Some new information about suspected MH370 debris found in Africa:
1) Last month I wrote about a photograph taken of the “Rolls Royce” fragment three months before it was discovered by Neels Kruger and turned over to the authorities. This double discovery struck me as such a remarkable coincidence that I reached out to the man who took the photograph, Schalk Lückhoff, a 73-year-old retired doctor who lives about an hour away from the discovery site. I was fortunate enough to catch Dr Lückhoff just before he left on a monthlong photo safari to Kruger National Park. At the start of the interview I was under the impression that Neels Kruger found the piece the second time at Mossel Bay, 10 km from the Klein Brak River, but as Dr Lückhoff makes clear, this is not the case; Kruger also found the piece at at the mouth of Klein Brak river, about 250 m from where Lückhoff had photographed it. (Klein Brak is within the Mossel Bay municipality, hence the confusion.) Below is an edited transcript of our conversation.
SL: I belong to a local photographic club… and I was on my way to photograph fast-flowing water as the lagoon was emptying into the sea, and this was early morning, in fact I saw on my picture the exact time I took it was twenty minutes past seven on the 23rd of December. And I was the first one on the beach and I walked toward the river, and there was this clean piece of beach where no one had walked and I saw this object lying in the middle of it, and I just thought, well, it was probably just an old notice board or something, so I just took a picture in passing and I went on because I was in a hurry to get to the river, you see. And then when I came back later in the day it was gone, but by then there has been a high tide as well and I now, in retrospect I thought that this high tide pushed it into the river, the lagoon, or there’s also lots of holidaymakers that time of year, somebody might have picked it up and carried it into the lagoon, I don’t know… And then what happend was I never paid attention to this because I didn’t recognize it for what it was, as I say I was more interested in the pictures I was going to take, and the result was that about three months later there was a news thingy with the piece that Neels Kruger picked up [specifically, an article by Eugene Gunning in the Afrikaans-language Netwerk 24], and looking at this I thought, ‘This looks very familiar,’ and I went through, went back and looked through my pictures, and I found it there full of barnacles. And that’s the story.
JW: So then you reached out to Eugene Gunning?
SL: Yes, in fact I didn’t know who to contact because I immediately realized this might be important puzzle, or a piece in the puzzle, you see, so I contacted Eugene and he put me on to Neels, and very interesting chat about it, and he put me onto the Australian, what’s it, Transport Safety…
SL: And I contacted them and sent them one of my pictures and they took it from there. They said to me that this was rather important, because it actually puts the date of actually three months earlier, because Neels only found it three months after I did. And what puzzled them was why there were no any marine life on this one, and of course I could explain that, because there’s a whole host of seabirds that nests on the banks of that river every night, I’m sure they must have picked it clean.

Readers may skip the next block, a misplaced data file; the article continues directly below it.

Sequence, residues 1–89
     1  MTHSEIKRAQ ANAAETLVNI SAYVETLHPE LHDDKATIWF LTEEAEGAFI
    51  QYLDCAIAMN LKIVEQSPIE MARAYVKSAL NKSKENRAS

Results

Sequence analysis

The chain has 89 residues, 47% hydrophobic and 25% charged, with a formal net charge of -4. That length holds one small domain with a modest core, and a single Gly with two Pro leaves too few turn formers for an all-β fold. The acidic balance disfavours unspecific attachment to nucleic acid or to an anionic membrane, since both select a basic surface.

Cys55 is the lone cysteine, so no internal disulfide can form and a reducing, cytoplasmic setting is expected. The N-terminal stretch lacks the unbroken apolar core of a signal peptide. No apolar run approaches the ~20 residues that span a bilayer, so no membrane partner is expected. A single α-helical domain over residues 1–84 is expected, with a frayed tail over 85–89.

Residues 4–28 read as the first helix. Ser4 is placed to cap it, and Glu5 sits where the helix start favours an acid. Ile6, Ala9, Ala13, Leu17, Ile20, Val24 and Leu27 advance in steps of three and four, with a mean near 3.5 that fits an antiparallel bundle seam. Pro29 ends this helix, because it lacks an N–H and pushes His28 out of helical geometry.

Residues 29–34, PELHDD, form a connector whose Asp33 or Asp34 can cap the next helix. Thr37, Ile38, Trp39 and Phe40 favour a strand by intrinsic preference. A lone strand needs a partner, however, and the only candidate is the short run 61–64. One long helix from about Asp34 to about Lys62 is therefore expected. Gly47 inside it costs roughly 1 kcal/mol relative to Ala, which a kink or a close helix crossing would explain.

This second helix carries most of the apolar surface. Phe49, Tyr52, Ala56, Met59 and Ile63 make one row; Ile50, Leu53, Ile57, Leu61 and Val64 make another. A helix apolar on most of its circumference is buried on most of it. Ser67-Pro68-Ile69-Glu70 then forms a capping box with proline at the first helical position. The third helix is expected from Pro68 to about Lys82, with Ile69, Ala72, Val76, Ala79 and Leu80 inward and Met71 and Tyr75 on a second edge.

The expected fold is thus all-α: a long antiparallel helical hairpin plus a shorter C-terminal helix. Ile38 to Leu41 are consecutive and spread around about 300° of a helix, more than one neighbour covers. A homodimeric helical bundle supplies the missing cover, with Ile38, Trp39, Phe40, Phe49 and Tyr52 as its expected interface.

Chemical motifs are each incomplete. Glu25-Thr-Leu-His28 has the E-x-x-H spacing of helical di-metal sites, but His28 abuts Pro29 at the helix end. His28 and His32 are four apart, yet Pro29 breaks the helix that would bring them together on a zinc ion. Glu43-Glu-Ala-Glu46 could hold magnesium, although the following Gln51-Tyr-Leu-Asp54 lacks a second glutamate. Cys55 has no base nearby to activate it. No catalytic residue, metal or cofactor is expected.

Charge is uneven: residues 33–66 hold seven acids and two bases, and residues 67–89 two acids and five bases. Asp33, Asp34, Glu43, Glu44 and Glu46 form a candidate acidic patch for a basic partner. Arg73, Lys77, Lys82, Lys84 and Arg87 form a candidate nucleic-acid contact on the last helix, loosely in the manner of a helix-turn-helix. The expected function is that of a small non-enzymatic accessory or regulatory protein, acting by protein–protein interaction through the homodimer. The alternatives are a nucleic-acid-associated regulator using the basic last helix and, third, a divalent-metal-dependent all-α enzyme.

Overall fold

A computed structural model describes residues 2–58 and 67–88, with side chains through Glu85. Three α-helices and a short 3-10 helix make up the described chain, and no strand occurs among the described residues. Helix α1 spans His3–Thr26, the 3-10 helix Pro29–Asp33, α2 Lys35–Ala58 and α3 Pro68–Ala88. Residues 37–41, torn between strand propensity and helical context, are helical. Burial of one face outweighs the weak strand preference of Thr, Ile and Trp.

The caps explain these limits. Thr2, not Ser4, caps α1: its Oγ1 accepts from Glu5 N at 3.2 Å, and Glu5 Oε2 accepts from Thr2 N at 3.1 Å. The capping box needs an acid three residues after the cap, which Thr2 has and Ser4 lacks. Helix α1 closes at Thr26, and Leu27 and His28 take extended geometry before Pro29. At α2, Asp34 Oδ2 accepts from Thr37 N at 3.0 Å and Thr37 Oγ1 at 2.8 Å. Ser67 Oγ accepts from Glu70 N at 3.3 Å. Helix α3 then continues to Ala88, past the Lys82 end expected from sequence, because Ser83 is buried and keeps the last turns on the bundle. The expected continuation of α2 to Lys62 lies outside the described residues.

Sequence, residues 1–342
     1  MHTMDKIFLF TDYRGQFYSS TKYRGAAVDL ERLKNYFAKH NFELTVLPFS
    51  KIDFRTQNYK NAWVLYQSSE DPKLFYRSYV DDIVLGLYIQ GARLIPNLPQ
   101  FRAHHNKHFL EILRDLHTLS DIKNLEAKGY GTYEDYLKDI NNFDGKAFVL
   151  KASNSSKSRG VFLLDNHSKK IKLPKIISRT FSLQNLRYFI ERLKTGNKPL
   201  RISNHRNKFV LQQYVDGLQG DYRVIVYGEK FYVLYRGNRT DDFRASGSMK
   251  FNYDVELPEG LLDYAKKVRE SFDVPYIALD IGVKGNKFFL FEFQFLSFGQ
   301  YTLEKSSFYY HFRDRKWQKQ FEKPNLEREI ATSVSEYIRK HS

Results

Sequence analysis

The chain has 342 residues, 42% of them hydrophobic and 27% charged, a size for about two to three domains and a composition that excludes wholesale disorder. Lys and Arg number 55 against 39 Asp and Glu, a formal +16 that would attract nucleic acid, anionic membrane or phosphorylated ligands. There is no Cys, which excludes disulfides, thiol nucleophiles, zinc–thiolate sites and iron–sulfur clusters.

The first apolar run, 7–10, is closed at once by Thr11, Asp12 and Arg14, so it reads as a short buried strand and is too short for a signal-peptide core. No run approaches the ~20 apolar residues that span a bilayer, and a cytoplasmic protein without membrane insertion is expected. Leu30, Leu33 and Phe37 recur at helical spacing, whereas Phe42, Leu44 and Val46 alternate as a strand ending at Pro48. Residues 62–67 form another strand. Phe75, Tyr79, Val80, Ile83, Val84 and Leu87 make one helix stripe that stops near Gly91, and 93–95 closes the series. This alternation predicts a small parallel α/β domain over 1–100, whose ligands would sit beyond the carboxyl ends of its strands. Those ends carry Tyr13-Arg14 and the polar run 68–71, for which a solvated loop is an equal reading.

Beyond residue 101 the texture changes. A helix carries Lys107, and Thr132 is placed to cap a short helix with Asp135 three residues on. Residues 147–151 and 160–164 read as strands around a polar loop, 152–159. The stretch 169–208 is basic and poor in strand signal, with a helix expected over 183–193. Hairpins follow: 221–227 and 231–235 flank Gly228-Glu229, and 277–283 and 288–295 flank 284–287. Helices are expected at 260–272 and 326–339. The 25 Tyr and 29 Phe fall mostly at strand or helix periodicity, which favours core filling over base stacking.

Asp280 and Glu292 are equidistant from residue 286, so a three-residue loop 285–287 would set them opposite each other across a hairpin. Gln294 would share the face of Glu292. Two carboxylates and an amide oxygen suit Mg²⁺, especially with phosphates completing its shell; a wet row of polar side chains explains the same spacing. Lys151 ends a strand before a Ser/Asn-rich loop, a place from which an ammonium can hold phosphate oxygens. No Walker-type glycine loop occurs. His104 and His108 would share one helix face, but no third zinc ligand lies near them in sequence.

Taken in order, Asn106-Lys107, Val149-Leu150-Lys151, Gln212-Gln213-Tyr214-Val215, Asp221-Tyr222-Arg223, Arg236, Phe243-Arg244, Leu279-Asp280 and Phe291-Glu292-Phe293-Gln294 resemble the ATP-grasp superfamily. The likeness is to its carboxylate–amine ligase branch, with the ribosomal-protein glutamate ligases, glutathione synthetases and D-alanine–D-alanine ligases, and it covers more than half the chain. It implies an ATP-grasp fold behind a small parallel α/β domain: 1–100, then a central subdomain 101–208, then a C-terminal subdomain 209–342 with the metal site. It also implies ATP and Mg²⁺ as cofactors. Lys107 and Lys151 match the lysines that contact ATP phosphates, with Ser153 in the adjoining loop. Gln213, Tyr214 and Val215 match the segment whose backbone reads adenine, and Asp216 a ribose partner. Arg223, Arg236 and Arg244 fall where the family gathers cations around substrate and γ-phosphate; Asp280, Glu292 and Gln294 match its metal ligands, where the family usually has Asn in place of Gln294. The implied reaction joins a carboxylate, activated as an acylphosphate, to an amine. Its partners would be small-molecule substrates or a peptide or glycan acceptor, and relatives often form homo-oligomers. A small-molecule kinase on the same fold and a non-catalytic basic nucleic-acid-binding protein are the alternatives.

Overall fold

SL: What’s your interest in this?
JW: I’ve been covering this for two years now, and of course for a long time we wondered why aren’t there any pieces of this mysterious plane, and then they started to turn up, and like the Australians I wondered, how come it’s so clean? Because there was one that washed up on Reunion Island that had all kinds of barnacles on it. Some people had speculated that some kind of creature might have picked it clean, but when your photograph came out, that was just very powerful evidence that that must have been exactly what happened.
JW: How do you think it wound up — you found it at this place, Klein Brak, and then it wound up in I guess, Mossel Bay is 15 km way or something?
SL: Yes, Mossel bay is about 10 km further on. You know, originally I said to Joe in Australia, I said to him that I was, when I walked past there the next day, this thing wasn’t there anymore, and I just gathered that it went back into the sea. And then when Neels picked this thing up, I said, “But it’s highly impossible that anything like that washing back into the sea, with the wind and all the sea currents and stuff around that area, would wash up in exactly the same spot three months later. What are the chances of that? It’s literally zero.” So my deduction was that this thing was washed up in the lagoon and the sandbanks in this lagoon changes all the time, and so does the dunes around there, from the prevailing southeasterly wind in summer, which blows everything up the river, you know, if it floats it will obviously move up into the lagoon, and that’s what I thought. It’s the most logical thing that it could have been in the same area three months later.
JW: So how do you reconcile the seemingly impossible thing? You would expect that the wind would blow it up into the lagoon, but instead it somehow seems to have washed back out into the sea, and gotten—I don’t know, how does it wind up where Neels found it?